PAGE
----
A 2020 Legal Dispute That’s Not Over
A case involving Pennsylvania may not be resolved for quite some time. Thankfully, it's immaterial to the election outcome.
I didn’t want to sidetrack the discussion of the Supreme Court’s smackdown of the Texas lawsuit last night with a side issue that’s immaterial to the question of who will be President on January 20th and whether his election is legitimate.
I tend to agree with Jonathan Adler on this sidebar issue he raised toward this end of his post:
There remains a serious legal question about the constitutionality of the Pennsylvania Supreme Court’s decision to extend the deadline for the receipt of absentee ballots beyond the statutory deadline. This decision has much in common with the decision of the Florida Supreme Court that was vacated by a unanimous Supreme Court in 2000. Unlike in 2000, however, the outcome of that question could not effect the election result. Nonetheless, if the Court wants to consider that issue, there are multiple pending petitions for certiorari (here, here, and here) that it could grant in the normal course. If anything, the legal events of the past few weeks should establish that the issue raised by the Pennsylvania Supreme Court’s actions are capable of repetition yet could evade review if not addressed by SCOTUS.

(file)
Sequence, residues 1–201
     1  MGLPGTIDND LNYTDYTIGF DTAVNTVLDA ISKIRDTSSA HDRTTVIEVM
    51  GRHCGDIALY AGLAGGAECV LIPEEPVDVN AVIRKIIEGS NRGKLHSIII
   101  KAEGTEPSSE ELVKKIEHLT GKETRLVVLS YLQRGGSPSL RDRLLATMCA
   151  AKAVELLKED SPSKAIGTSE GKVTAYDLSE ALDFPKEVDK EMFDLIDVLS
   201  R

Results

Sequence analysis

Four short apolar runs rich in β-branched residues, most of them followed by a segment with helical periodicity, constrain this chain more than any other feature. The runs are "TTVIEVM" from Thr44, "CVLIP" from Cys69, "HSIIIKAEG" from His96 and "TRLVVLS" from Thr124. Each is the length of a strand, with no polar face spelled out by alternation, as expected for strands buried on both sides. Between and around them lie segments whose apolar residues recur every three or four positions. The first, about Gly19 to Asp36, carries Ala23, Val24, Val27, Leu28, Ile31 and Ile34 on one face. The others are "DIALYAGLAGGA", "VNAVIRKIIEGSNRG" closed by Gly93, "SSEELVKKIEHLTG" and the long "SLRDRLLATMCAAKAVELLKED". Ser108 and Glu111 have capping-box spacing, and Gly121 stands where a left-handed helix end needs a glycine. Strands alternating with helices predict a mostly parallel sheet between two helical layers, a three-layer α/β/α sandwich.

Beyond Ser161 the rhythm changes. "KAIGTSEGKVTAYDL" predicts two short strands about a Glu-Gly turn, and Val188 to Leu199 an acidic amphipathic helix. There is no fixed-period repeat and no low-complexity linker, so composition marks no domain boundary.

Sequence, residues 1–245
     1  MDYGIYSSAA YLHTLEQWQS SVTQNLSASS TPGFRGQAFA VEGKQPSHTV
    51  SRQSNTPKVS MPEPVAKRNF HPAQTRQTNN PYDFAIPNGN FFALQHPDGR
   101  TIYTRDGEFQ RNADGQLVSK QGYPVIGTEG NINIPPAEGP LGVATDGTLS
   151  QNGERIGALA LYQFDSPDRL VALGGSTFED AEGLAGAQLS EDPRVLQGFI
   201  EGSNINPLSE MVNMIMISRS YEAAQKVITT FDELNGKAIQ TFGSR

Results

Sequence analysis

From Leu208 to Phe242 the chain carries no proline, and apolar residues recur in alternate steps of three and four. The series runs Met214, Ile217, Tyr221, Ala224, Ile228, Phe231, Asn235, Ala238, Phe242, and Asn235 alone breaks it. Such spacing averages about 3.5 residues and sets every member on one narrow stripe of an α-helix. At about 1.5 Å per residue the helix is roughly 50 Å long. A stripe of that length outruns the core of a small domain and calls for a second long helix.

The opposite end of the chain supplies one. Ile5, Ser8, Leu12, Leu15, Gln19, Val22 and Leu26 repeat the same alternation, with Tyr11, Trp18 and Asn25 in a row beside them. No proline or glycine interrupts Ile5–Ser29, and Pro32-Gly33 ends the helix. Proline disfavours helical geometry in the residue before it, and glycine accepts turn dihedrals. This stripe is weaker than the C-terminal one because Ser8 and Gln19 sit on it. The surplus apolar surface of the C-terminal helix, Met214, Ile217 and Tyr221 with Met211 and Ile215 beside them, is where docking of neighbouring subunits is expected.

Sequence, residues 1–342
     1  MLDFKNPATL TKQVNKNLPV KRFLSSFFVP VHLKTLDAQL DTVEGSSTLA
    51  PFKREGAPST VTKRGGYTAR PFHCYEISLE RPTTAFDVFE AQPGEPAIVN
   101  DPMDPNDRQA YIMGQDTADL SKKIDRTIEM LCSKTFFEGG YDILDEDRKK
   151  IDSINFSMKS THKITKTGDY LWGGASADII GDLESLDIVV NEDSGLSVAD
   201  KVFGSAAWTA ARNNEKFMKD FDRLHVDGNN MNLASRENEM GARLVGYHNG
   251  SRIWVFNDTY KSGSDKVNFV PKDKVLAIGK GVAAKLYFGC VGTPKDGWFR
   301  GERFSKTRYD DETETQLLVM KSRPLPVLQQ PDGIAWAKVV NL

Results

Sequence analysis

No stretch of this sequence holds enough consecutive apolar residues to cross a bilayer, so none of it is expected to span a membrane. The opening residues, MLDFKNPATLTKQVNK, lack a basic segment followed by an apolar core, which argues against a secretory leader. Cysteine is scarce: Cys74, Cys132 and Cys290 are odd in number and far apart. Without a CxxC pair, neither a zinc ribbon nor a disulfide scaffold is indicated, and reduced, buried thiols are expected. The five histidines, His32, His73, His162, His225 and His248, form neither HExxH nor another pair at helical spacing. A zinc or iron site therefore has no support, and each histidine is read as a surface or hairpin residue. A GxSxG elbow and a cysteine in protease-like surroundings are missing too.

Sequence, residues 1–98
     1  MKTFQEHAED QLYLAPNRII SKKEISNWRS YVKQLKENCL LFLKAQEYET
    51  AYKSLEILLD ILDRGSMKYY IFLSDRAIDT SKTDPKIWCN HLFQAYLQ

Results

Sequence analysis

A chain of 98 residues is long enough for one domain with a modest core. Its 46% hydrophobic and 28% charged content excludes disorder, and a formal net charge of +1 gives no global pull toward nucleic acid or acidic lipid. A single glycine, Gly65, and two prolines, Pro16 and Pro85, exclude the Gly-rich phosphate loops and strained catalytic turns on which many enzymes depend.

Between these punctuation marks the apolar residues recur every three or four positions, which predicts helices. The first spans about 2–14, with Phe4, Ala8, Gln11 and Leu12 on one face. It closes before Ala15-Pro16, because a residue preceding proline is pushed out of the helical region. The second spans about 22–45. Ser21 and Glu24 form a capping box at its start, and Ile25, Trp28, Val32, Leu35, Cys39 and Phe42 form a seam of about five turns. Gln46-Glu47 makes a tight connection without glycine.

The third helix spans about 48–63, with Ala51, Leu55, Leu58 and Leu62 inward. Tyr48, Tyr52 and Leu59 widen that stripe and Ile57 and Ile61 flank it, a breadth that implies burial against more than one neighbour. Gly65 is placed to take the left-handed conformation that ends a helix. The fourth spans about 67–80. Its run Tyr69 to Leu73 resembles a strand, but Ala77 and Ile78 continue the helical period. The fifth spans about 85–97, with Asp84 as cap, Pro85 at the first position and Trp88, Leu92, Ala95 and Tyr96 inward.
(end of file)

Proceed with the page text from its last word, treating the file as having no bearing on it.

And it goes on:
I have a longstanding sense that elected officials—and, indeed, the state legislatures—have the sole Constitutional authority to change election rules and that the state courts doing so should therefore be viewed with extreme suspicion.
Still, even if Pennsylvania’s votes were pivotal in this contest, it’s not obvious what the relief would look like. It would be unconscionable to throw out ballots that were received by the deadline set by the Commonwealth’s highest court, given that the citizens would have relied on the decision in good faith.
Regardless, I agree with Adler that we should get a ruling on the matter that would set a precedent for future cases.